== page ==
Samsung Galaxy Note 2 Liquid Pixel: Interview
How do you turn a Samsung Galaxy Note 2, a giant water tank, and 408 pumps into a work of art? We find out
The Samsung Galaxy Note 2 is without a doubt the handset to showcase creativity on. It uses Wacom’s touch pen technology to give its S Pen pressure sensitive, precise input.
In the latest of a string of creative projects surrounding the Samsung Galaxy Note 2 Break Free campaign, a studio here in London, Steak, was called upon to create a piece of work around this S Pen-centric phone.
We interview the brains behind the operation, Daniel Kupfer and Penelope Grabowski.
Could you give us some background on the project?Samsung approached us through Jam, they were looking to do another sequence of the Break Free campaign and they came in to do a studio visit. They were looking to get involved with an artist with some more innovation related work. So that’s why our company, Steak were suggested.We pretty much combined an idea we’d looked into with the Note 2 and the S Pen. We had the water tank, pumps and messaging concept, but it was when we incorporated into the phone that it really took off, becoming a journey we could capture on film.You wrote the Android app on the Galaxy Note 2, how did you find the process?I was really surprised, because I was working with libraries, it was really quick and easy to create the app. I’ve never worked with Android before but with all the libraries available, it’s about as plug and play as you can get.Could you outline the what goes on in the sequence from when the user starts drawing on the Note 2?You have the software on the phone that has a full grid with all the pumps mapped. The phone is constantly sending the whole array to a computer. The computer is connected to the pumps. If you touch a grid point on the Samsung Galaxy Note 2, the computer receives this, activates the appropriate pump and fires. So now you’ve nailed it on this scale and with this technology, where do you see yourselves taking it in the future?Incorporating RGB light to each one of the pixels would be one direction. The other thing that’s exciting us would be controlling the height of the jet. The pumps can go higher than 300mm, so if we make this variable, we could move into 3D modelling territory.So what were the limitations of this particular installment?We would like to do it completely wirelessly in the future. We were also limited to the number of pumps. The way it was set up would have made it very difficult to get more than 500 pumps in place. As we got 408 in there we were close to capacity so to get more pixels in place would take more than the 10 days we had to put this project together.Finally, would you use Android, specifically a Note 2, in any more of your creative projects?We already are.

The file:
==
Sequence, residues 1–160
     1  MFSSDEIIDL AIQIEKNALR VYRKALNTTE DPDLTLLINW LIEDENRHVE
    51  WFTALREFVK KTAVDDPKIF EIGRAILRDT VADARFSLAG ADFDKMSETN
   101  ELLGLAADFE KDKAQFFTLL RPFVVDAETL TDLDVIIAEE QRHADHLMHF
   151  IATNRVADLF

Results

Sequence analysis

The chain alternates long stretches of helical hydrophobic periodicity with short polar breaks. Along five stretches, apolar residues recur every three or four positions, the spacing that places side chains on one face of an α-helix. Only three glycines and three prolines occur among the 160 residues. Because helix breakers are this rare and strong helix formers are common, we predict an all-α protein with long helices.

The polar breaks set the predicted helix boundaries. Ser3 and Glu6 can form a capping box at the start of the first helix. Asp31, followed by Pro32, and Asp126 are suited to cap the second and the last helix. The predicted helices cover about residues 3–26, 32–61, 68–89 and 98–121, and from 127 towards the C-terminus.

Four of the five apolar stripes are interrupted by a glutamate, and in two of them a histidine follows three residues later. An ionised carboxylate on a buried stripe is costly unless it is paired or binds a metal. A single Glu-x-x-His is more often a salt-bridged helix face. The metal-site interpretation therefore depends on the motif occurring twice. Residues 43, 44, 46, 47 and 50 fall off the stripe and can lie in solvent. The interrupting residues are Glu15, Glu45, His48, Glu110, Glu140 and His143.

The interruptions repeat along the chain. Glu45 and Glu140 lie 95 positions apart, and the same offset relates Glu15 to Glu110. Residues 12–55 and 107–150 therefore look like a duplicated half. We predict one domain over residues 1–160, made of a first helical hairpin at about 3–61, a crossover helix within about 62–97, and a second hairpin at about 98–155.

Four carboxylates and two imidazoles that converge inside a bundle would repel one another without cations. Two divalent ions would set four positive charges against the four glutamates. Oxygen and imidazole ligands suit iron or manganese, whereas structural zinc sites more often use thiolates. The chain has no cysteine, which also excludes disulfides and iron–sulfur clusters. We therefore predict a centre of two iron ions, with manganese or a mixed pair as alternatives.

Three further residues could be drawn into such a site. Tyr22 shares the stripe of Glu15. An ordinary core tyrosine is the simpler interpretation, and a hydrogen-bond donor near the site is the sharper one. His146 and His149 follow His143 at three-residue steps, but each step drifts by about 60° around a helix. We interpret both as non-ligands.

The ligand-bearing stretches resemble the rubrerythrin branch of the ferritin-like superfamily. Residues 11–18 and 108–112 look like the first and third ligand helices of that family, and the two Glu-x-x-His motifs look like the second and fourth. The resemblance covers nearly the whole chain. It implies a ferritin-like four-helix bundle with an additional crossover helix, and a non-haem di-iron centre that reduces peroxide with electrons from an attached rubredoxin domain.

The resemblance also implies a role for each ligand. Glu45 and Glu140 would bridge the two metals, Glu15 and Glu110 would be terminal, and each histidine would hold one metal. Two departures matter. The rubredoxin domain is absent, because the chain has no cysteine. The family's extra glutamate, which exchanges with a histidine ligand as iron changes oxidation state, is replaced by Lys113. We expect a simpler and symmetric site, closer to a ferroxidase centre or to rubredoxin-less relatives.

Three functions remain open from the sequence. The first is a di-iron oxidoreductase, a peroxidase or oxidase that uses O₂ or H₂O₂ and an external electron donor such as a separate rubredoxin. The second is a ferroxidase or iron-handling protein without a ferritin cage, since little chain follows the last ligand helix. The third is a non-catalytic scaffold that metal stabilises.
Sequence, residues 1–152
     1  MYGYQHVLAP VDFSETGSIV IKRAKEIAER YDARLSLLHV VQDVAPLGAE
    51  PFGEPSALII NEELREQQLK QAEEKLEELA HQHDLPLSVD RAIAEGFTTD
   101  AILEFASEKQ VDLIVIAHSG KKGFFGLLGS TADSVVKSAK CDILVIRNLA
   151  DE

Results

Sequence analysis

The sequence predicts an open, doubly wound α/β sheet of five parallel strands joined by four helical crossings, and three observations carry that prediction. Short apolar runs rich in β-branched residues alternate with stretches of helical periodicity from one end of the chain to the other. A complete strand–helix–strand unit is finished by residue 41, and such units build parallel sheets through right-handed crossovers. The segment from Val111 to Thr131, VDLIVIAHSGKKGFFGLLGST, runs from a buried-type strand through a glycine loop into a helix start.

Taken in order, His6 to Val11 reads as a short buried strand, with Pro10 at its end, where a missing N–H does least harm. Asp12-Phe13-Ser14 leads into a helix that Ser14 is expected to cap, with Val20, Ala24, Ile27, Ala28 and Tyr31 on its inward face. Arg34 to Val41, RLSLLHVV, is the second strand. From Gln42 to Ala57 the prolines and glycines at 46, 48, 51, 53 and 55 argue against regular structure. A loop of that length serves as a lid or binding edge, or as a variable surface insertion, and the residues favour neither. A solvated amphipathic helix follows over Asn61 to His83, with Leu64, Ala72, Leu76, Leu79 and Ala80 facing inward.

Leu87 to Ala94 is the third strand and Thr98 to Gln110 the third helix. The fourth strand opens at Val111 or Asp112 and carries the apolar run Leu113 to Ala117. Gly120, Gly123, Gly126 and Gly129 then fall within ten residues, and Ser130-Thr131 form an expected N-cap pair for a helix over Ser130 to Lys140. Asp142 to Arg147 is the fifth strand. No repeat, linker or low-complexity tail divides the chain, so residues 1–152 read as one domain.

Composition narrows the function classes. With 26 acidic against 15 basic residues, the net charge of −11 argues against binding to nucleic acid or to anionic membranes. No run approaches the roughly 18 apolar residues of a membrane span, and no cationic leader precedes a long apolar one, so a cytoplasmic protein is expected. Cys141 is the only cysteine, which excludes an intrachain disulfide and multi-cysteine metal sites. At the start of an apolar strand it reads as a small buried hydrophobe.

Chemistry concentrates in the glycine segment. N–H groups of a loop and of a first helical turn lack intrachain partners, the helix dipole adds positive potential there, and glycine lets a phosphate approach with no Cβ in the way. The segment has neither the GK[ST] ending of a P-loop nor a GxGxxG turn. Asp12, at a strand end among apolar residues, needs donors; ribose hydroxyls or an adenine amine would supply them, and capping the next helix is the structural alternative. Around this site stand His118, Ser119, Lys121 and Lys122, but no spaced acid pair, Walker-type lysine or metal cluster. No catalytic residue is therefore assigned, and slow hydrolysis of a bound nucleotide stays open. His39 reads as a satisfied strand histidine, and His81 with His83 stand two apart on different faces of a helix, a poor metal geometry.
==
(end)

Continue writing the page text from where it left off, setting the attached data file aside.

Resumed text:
On that Note, we’ll be keeping our beady eye on Steak Studio where we’ll hopefully see the next evolution of the liquid pixel in the future.
In the meantime, enjoy the video below and see if you recognise a certain writer tinkering with the tech at 01:42.